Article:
Getting Weird with Freud and Dr. Seuss
Thoughts to Ponder:
We’re all a little weird and when we find someone whose weirdness is compatible with ours we join up with them and fall in mutual weirdness and call it love.
~ Dr. Seuss
This is a wonderful expression that reminds us 1) that we’re all weird, 2) everyone else has problems too, and 3) we’re going to have problems with each other. It also illustrates that compatibility “on paper” isn’t a life-death sentence between you and your partner(s) and is hardly the whole story (of life and love).
Rather, there’s a co-creation of “mutual weirdness” — and I’d add a bonding to and in that — that escalates a (statistical) compatibility to a loving partnership. “Normal” is a statistical regression towards the mean. That is, normal is quite infrequently encountered “in the wild.” Statistically speaking, the mean is not the mode (most commonly occurring result).
What’s more, is that if you cannot own or love your specific weirdness without your partner, being with them won’t make it so and will undoubtedly raise it’s head in uglier ways down the road. Has getting married ever fixed anyone’s relationship problems? No. Has having a child ever fixed anyone’s relationship problems? Still no.
That’s because there are currents and tides within our psyches and respective communions. You have you problems. I have me problems. Together we have we problems. When those things align in a complimentary way that becomes the cherry on the cake (or butter on the steak) rather than the main course; we have a beautiful process called love.
Before you diagnose yourself with depression or low self-esteem, first make sure you are not, in fact, surrounded by assholes.
~ Sigmund Freud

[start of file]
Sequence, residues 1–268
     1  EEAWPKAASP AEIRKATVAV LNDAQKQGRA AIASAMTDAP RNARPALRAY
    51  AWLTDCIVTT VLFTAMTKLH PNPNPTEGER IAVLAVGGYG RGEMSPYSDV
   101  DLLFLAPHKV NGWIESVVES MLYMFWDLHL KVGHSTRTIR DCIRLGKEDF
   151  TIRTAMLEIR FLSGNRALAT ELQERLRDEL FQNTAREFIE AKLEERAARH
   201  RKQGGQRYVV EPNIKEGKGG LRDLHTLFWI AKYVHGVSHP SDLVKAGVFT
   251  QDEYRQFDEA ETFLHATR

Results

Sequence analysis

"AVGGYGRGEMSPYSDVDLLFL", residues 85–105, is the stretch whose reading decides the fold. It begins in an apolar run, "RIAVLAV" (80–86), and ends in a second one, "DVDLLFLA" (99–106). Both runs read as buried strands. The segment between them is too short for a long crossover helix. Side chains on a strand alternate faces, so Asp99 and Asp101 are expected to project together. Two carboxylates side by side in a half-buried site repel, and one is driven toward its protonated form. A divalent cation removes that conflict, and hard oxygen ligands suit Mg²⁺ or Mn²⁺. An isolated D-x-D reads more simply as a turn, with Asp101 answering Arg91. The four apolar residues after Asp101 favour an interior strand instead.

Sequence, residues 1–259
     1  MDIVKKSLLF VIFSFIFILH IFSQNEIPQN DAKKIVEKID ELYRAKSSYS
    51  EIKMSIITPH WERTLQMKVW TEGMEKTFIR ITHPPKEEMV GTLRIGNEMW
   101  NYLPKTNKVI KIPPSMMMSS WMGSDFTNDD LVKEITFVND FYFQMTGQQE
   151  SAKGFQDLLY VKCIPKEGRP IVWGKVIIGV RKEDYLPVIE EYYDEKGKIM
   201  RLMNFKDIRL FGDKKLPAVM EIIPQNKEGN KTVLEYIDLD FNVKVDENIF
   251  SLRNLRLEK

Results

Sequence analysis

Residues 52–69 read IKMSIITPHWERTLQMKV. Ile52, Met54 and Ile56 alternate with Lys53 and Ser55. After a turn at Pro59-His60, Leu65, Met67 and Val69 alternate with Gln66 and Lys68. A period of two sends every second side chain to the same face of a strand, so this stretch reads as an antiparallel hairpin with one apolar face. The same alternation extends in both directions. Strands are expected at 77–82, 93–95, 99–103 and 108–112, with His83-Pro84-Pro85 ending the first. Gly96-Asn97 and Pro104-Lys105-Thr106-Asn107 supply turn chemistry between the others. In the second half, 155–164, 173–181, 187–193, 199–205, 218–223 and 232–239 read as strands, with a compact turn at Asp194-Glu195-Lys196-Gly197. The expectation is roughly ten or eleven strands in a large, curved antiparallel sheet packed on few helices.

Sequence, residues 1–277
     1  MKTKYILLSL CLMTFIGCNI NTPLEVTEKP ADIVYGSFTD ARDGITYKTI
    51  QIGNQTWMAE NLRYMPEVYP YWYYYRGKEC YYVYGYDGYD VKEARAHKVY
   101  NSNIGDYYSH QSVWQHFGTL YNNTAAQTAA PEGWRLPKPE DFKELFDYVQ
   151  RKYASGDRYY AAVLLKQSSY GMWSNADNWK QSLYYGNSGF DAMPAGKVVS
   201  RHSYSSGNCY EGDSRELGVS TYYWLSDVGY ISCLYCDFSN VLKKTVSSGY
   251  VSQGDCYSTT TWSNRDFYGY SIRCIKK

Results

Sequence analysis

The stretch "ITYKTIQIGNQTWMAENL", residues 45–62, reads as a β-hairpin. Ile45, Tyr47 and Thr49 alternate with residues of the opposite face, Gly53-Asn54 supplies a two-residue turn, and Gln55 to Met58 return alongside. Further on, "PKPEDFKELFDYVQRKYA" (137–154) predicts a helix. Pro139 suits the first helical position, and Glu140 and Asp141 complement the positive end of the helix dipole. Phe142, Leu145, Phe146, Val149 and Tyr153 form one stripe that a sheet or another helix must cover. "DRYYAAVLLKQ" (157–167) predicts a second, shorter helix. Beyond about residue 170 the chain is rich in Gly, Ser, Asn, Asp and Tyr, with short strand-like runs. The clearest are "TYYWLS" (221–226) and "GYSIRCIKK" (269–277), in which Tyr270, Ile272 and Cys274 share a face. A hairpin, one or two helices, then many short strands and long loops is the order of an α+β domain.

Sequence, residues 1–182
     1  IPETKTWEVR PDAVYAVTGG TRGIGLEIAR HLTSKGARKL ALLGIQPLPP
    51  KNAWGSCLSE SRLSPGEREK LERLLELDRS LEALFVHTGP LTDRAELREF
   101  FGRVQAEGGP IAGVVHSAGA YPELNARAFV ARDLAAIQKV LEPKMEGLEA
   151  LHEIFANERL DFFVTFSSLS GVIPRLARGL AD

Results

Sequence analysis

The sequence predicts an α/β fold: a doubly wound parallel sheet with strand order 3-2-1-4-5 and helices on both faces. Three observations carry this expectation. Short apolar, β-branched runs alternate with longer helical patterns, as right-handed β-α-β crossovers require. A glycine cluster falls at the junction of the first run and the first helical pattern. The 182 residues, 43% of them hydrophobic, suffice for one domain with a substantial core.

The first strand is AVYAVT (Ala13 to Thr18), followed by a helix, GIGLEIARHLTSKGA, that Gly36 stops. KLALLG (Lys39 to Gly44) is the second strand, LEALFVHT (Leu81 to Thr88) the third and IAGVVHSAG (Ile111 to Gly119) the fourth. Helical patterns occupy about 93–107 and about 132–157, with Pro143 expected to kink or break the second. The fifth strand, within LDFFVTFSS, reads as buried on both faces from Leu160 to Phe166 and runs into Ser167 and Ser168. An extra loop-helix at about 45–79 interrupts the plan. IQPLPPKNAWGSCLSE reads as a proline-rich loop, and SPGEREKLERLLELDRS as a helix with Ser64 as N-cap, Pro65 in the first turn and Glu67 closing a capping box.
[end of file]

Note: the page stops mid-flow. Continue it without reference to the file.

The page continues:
Gaslighting. The term itself has been quite flippantly used over the past two years. Jocko recently said on Rogan; “Do you ever just look at (listen to) some people and wonder if they’re watching the same movie (life) as you?”
We need diversity in our relationship roles and goals. It’s not fair to expect your partner to also be your therapist and rabbi. We have designated titles like coach, priest, teacher, counselor, doctor, etc. for good reason. They serve different functions in our lives, and us for them.
Now, there is plenty to say about current global politics regarding those most ardently screaming “ we’re in this together” and “ it’s for the good of everyone” doing so with vicious and vindictive tenacity quite becoming of what they’re allegedly protesting. At any rate, all of these examples illustrate that (social) context is quite impactful on our internal (e)valuation and identity.
Clearly, we cannot be under and see through the proverbial microscope at the same time. Thus, partners, preachers, and therapists alike provide ample points and perspectives of reflection both of ourselves and unique input from outside ourselves. If these perspectives are limited to a certain niche (the political left or right for example), the internalized message we embody for and of ourselves can be quite misleading.
After all, the feedback we receive is only as robust as the perspective of the source it’s coming from. So too then it becomes true of our own self-efficacy.
Things I’m Grateful For:
Rather than rattle off a dozen bullet points I’d like to reserve this segment for a thing or two that I’ve been particularly moved by and mindful of in the past week.
Originally published at https://www.savagezen.co on November 29, 2021.